In answer to the captioned question succinctly, it depends on the learning institution’s curriculum. Mathematics, including calculus, statistics, algebra, and geometry, might be part of the General Requirements. Regardless of your major, colleges and universities have set courses you must take before proceeding to the core classes.
How difficult is statistics?
The query above also infers that if a student struggles with statistics before college, which could be detrimental to information science.
This post will look at examples of information science programs that include mathematics, notably statistics, in the study plan. As explained below, learning institutions want students at the undergraduate level to have a well-rounded education. For this reason, many curricula include English composition, a foreign language, social or natural sciences, mathematics, and others. These General Requirements are unavoidable.
Chances are, if you’re pursuing information science, you’ve taken math, algebra, calculus, geometry, or trigonometry during high school. According to Cuemath, The Math Experts, statistics will not be a chore for individuals with basic math skills. Statistics is about concepts and formulas to analyze data. This area of math involves using critical thinking and problem-solving techniques to arrive at a solution.
Bachelor’s Degree in Information Science
The College of Media, Communication and Information at the University of Colorado, Boulder, offers a B.S. with a core course titled – Statistics for Information Science. Students learn about the concepts and techniques for quantifying data and how to summarize and interpret statistical data. Other topics cover statistical distributions, normal distribution, hypothesis testing, statistical significance, and linear regression.
Another course, Quantitative Reasoning, encroaches on statistics as it deals with quantifying and analyzing different types of data, foundational concepts in discrete mathematics, probability, and predictive modeling. Discrete math typically involves algorithms and is more prevalent in computer science programs.
The University of Wisconsin System has a B.S. in Information Science and Technology with less emphasis on statistics. Their General Education Requirements do not list any mathematics courses. However, one of the 120-credits program has a three-credit class in Data Science that provides an introduction to visualization and data analysis using statistics to create graphical representations of the data.
The Department of Information Science at the University of North Texas-Denton offers a B.S. in this major. Included in the school’s Core Curriculum requirements are three hours of mathematics. Of the twelve courses from which to choose, you could avoid statistics. Or if this branch of math is a strength, you have these choices:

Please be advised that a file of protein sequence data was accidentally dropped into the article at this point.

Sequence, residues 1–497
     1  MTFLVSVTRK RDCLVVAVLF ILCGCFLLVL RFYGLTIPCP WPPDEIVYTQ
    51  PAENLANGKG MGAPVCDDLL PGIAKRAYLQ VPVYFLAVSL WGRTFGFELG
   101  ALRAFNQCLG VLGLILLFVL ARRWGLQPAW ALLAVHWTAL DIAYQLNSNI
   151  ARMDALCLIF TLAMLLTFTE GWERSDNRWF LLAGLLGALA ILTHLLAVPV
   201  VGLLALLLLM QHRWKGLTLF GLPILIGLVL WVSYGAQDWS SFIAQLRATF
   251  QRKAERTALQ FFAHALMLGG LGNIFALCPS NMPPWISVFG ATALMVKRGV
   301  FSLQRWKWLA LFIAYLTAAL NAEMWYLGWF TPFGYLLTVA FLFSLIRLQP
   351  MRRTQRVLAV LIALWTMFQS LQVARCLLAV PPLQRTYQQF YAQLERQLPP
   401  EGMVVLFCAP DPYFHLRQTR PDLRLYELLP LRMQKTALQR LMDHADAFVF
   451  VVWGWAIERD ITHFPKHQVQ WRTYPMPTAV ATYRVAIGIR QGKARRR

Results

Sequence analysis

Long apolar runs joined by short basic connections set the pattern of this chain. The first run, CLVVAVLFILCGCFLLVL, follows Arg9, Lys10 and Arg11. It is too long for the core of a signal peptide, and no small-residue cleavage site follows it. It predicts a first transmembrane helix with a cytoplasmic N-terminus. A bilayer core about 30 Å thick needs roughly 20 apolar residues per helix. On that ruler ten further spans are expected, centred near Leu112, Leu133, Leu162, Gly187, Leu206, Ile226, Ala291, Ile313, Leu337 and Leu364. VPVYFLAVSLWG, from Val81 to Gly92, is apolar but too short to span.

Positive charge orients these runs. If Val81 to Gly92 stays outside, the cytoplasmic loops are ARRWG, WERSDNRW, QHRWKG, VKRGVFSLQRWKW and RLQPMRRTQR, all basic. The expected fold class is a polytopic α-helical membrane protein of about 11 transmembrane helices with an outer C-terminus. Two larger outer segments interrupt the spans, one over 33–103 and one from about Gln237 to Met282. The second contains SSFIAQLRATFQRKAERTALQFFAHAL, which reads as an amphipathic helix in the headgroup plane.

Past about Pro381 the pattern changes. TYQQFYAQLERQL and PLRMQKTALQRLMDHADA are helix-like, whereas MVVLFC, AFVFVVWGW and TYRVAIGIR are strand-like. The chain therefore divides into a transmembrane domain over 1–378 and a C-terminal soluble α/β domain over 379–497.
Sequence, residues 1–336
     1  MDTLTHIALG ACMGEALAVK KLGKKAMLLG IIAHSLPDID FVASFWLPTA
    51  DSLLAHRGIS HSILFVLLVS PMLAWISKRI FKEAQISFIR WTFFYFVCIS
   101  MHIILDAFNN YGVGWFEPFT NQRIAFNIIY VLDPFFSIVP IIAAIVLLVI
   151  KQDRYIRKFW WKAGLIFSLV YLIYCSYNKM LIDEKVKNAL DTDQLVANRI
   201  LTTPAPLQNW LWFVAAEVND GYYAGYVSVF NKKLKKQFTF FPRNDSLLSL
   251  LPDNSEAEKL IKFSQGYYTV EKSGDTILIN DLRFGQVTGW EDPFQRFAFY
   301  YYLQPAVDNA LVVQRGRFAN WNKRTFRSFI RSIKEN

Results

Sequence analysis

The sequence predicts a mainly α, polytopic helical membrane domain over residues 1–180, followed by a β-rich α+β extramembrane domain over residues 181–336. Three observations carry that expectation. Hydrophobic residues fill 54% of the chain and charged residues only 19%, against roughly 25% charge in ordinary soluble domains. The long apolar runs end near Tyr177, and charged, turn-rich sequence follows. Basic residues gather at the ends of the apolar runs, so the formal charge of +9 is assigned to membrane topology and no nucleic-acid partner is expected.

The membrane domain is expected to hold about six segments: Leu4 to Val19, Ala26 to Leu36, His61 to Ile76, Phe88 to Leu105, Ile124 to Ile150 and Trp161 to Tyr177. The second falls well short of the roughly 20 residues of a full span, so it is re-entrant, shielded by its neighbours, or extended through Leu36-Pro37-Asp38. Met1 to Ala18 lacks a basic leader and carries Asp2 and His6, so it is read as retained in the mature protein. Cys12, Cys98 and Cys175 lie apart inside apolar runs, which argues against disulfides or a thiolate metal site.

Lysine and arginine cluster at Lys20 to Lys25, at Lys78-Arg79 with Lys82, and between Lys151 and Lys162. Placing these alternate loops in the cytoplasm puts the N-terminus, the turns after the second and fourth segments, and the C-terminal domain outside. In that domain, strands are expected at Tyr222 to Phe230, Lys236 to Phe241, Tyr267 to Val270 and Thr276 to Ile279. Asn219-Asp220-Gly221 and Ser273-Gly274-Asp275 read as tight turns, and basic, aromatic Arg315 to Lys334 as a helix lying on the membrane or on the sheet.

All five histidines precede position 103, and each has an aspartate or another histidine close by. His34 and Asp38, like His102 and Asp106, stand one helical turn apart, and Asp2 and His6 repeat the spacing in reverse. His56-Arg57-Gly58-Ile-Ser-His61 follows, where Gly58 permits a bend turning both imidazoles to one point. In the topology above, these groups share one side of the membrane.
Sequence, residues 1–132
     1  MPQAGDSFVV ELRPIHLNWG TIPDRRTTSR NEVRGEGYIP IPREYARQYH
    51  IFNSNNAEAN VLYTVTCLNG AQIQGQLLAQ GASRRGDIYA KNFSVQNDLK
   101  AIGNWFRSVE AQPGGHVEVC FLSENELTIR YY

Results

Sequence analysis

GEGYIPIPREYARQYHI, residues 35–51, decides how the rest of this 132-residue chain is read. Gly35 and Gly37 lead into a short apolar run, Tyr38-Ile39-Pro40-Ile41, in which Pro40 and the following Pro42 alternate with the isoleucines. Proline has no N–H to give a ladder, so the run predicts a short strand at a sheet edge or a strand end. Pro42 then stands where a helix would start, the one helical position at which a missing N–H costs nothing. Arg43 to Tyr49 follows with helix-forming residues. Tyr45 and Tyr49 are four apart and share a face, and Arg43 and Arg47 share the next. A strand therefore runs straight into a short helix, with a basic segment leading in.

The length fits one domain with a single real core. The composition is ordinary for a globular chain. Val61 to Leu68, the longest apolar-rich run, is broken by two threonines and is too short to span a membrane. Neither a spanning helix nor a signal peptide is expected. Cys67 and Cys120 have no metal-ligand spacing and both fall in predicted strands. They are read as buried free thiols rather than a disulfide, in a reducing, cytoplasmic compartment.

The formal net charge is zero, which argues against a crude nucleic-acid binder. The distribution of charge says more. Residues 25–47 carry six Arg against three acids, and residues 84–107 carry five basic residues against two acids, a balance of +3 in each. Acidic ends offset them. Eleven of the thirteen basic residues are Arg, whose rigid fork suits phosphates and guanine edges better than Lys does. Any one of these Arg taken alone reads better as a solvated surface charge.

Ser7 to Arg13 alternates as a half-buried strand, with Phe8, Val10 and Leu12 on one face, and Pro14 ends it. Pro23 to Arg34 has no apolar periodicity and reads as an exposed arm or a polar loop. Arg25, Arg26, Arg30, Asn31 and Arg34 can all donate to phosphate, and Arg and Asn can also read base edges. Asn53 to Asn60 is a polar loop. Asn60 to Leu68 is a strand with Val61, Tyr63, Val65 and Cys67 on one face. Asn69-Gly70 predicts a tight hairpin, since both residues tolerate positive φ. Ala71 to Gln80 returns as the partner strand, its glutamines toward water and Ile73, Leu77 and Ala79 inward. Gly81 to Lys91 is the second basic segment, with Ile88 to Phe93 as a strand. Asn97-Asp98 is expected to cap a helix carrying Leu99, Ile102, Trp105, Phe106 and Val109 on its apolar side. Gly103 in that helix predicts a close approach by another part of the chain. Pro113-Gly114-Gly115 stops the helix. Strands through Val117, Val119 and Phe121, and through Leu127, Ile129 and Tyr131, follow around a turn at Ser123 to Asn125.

- Elementary Probability and Statistics
- Elementary Probability and Statistics with Algebra Review
- Survey of Mathematics with Applications: covers probability, statistics, algebra, and logic
Instead, you could opt for Business Calculus, College Math for Business, Pre-calculus, or Trigonometry.
You do not need good grades in statistics to enter the School of Information and Library Science at the University of North Carolina-Chapel Hill. The B.S. in Information Science doesn’t have a course in statistics. Database Concepts and Applications class explores relational database theory, indexing, and the programming language – SQL or Structured Query Language.
A university that requires proficiency in statistics is the Department of Information Science at Cornell in Ithaca, New York. All information science majors must take Computing Using Python (CS 1110), a Calculus course, and one Statistics course selected from a list of fourteen. The school’s B.A. and B.S. in Information Science require CS 1110, calculus, and statistics. Students must attain a C grade or better to receive credit for the core work.
The University of Michigan’s College of Communication Arts and Sciences Department of Media and Information offers a B.A. in Information Science. Although you do not need statistics, applicants require at least three years of preparatory mathematics in high school, including two years of algebra and one year of geometry. Some academics opine that statistics may come easier to those who do well in algebra.
Why is Statistics Vital?
You may not need to be an A student in statistics, but those who feel at ease with the subject will likely do better studying information science. Computers do most of the compilation and sorting of data; however, a keen understanding helps the scientist interpret the data. Experts define information science as a multidisciplinary field that incorporates computer science, cognitive science, informatics, technology, engineering, and more. It is the collection, classification, manipulation, storage, retrieval, protection, and dissemination of information. All of which don’t demand excellence in statistics, but a background in it will be beneficial.